Clark, the former enfant terrible of British contemporary dance and a onetime brilliant dancer himself, brings a kind of chill force to both scores, plus some witty-silly, out-of-the-blue touches. Mmm premiered in 1992 with costumes by artist Leigh Bowery. Clark’s mother was in it. This slightly altered version dates from 2006 (costumes are by Stevie Stewart and the choreographer). Clark, wearing a long black dress and a veiled hat and channeling his mum, throws himself on the ground face down, like the Sage in Nijinsky’s ballet, and stays there for a minute or two. The white, pot-bellied blob who kidnaps a dancer could be Bowery’s ghost. The women have red-painted fingernails and toenails to match their short red plastic skirts; some kind of tinsel makes their noses gleam. The men wear little caps like yarmulkes. For one solo, Melissa Hetherington wears a shiny purple unitard with parts cut out to reveal flesh, as she rolls and twists and arches like a cat in heat—the eroticism of the movement countered by her cool, deliberate performance. Later, four performers appear wearing black-and-white fabric toilets (the seats their collars, the lids their halos). Toward the end, everyone reappears in flowered shirts or dresses. Don’t ask me how Spring was induced to arrive, because Amy Hollingsworth hasn’t yet performed her long, slow, aerobically challenging solo.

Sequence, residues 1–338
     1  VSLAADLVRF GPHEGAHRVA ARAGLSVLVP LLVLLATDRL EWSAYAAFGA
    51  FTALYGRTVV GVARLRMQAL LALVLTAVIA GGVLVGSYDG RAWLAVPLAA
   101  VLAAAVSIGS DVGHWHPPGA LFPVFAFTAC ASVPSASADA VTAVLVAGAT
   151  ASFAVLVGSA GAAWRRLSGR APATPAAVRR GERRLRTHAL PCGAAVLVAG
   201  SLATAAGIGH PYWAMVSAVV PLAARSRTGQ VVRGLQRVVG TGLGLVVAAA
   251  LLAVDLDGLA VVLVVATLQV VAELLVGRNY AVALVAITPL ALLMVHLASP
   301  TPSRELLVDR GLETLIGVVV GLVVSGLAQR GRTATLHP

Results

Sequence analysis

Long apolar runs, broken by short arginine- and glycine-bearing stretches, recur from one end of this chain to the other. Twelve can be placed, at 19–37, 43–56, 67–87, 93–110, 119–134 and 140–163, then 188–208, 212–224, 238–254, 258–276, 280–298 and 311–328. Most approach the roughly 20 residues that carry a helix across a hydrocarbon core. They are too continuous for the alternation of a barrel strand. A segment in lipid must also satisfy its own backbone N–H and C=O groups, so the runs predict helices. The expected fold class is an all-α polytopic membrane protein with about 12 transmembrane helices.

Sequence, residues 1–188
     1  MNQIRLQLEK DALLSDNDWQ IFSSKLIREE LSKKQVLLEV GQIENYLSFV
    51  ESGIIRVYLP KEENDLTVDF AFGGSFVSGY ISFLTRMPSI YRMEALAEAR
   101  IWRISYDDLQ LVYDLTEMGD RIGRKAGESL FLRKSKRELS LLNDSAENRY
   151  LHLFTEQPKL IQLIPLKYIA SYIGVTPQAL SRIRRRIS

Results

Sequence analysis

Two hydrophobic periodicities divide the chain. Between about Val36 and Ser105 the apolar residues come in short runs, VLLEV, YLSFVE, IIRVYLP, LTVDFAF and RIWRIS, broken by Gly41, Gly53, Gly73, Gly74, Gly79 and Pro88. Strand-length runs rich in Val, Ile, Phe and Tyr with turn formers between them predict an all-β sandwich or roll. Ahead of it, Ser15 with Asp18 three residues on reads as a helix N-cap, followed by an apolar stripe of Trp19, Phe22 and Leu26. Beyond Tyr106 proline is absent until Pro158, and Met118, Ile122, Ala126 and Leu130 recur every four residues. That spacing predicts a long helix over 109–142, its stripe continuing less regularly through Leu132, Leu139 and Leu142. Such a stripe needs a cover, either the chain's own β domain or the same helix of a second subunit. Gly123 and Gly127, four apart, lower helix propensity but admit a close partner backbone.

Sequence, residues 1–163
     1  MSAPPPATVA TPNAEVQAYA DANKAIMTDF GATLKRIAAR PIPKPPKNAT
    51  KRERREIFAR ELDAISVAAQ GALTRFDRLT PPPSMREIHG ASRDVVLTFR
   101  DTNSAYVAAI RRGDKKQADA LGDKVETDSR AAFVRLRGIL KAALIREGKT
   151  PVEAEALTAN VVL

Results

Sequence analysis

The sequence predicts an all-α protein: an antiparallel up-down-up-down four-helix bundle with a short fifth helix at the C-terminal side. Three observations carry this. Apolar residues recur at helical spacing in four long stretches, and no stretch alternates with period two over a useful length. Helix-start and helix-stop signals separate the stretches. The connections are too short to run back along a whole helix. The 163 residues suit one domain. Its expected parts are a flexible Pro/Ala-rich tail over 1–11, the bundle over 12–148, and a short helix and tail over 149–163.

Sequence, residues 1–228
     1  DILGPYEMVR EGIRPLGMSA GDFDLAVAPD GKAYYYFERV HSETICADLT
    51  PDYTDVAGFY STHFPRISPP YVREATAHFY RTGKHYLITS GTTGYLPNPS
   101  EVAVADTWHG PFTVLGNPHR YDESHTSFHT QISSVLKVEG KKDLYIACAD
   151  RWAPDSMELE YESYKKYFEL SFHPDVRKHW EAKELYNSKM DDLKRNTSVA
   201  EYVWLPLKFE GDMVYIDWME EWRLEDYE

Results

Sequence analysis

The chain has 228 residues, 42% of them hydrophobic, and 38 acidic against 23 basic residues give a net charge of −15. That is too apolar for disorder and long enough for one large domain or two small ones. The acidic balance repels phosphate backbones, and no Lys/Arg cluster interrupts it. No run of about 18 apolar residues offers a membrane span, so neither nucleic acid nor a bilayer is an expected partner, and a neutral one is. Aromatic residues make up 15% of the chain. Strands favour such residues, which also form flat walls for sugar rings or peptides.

The movements of these celebrants are very precise, with a kind of askew elegance. They spraddle their legs and circle their mobile hips and shoulders. Their arms often swing stiffly from their shoulders and their legs slash the air neatly. There’s something doll-like about them, despite their prowess. Although they enter the stage from both sides, they also appear when a row of wooden doors at the back swing open to reveal them in Charles Atlas’s stunning lighting. The doors are mirrored on the other side, so that sometimes the onstage images are splintered and duplicated.

Clark makes strong designs and eye-catching movement, but few moments match the amassing power of the music or give the impression of a society coming together for a ritual. Various of the fine performers gather here and there and then dissipate. The mall of life.